An innocuous incident could be exploited tomorrow, for example a traffic accident involving an army vehicle. If a trigger is there, things could snowball.
Q. Many Kashmiri villagers are impressed with your programme to win hearts and minds.
Our senior officers always knew that soft power makes the ultimate difference in an insurgency. But the junior ranks were more focused on operations, understandably, given the high levels of insecurity. Now, they are focusing on being courteous and helpful, for instance, when checking a vehicle. So, our people-friendly approach is being implemented from top to bottom. Training soldiers for this is more difficult than training them in tactical drills, but now the young officers and soldiers have taken ownership of this initiative.
For over a decade, we have run a programme called Sadbhavana, providing material benefits like schools and vocational training to the populace. Now we are engaging them at the human level. The basis of my strategy has been to listen, rather than to talk down to the people
Q. You believe it is working?
Our new approach has certainly created interest. We are engaging the youth, getting them off the streets through focused programmes like explaining the opportunities for them in other parts of the country. In a programme called ‘Watan ki sair', we sponsor trips by youngsters across India.
Q. Nevertheless, there remains real anger amongst Kashmir's youth.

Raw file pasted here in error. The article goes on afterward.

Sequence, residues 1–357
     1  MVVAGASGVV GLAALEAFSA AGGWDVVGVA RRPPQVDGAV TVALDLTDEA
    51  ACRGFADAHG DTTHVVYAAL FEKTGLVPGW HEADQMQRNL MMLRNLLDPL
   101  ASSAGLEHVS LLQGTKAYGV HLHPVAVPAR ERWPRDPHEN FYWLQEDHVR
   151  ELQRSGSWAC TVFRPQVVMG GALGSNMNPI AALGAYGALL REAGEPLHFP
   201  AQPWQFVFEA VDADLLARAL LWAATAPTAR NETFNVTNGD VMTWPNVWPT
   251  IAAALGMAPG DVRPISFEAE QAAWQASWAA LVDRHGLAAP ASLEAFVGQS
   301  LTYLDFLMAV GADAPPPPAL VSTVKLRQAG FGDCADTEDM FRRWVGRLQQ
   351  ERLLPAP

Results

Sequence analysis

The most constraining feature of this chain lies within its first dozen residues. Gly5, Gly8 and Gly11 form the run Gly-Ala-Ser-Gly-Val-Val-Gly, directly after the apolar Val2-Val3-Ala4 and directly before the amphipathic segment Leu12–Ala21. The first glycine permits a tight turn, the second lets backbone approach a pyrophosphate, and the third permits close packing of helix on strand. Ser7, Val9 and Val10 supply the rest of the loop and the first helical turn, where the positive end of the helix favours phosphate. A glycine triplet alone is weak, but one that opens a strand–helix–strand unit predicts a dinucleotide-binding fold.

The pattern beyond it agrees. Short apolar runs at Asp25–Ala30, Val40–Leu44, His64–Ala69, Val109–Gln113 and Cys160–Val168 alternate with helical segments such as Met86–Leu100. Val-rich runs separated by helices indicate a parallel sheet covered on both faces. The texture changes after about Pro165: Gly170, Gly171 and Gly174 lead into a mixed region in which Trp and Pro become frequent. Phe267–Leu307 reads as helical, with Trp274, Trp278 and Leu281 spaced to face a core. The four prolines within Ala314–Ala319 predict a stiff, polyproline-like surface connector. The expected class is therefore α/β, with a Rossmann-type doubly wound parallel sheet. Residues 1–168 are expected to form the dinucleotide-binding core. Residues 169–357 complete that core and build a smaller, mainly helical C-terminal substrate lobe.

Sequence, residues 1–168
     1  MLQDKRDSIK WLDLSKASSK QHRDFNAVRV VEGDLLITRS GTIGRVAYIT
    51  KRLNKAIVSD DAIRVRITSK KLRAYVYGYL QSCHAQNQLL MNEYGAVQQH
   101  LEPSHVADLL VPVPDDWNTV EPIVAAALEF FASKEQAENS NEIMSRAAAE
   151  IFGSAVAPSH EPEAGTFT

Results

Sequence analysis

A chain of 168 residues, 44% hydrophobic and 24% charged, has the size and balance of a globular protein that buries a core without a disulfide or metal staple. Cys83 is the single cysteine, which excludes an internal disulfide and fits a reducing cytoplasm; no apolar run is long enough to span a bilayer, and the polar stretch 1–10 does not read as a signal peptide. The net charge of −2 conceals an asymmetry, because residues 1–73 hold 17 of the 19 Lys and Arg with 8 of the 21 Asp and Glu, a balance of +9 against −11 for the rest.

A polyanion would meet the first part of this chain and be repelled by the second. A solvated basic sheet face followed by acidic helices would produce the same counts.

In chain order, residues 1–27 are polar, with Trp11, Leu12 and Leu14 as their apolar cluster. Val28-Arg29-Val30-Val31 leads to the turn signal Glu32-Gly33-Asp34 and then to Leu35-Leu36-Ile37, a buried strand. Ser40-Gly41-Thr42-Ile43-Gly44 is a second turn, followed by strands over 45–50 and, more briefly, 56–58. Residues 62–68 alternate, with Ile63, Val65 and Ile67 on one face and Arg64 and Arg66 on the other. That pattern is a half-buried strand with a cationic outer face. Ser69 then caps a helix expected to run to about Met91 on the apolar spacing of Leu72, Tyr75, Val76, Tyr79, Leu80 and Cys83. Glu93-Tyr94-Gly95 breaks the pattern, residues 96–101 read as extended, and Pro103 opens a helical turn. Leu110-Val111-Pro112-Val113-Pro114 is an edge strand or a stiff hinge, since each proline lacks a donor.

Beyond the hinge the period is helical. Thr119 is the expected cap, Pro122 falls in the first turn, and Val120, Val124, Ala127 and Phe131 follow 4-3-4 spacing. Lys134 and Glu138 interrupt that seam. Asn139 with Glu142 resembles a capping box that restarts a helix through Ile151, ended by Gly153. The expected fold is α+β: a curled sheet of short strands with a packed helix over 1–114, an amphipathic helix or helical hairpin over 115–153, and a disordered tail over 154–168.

If you're living in a tinderbox, where the press is negative, and you can't move around, there will be anger against everything. Most places offer ways of diverting oneself; here there is nothing, especially during the five-month winter, when everyone stays at home. We have begun organising events and competitions in football, cricket, carom, debates and quizes. We recently organised a half-marathon, and 3,000 people participated, including 300 girls. Another 8,000 people came out to cheer the runners.
Q. What about the political dialogue?
There are too many players who don't want normalcy, Pakistan's ISI for example. Separatists will only negotiate if there is pressure from the people of Kashmir, who must be convinced they are better off with India. For that, the Army has to prevent turbulence, so that the other government agencies can work towards creating normalcy.
Q. And, the confidence building mechanisms, like the Srinagar-Muzaffarabad transport links, are losing steam?
I was at Uri when the Caravan-e-Aman (the Srinagar-Muzaffarabad bus) began with much fanfare. Now, barely anyone travels on the bus. Trade is increasing, but without a strong regulatory body that deals with communications, financial exchanges, etc, it cannot pick up. All that can happen only with improvement in relations. So, it is a Catch-22 situation.
This January, I found 120 trucks coming and going from each side. But everyone has hijacked the rules, so you even find coconuts from Kerala going across, even though trade has to be confined to local produce.
Q. Your final assessment?
I believe 2011 is a crucial year. The stamina for mass agitation is running low, terrorism is down, and infiltration is low. 2011 must be the year of difference in Kashmir.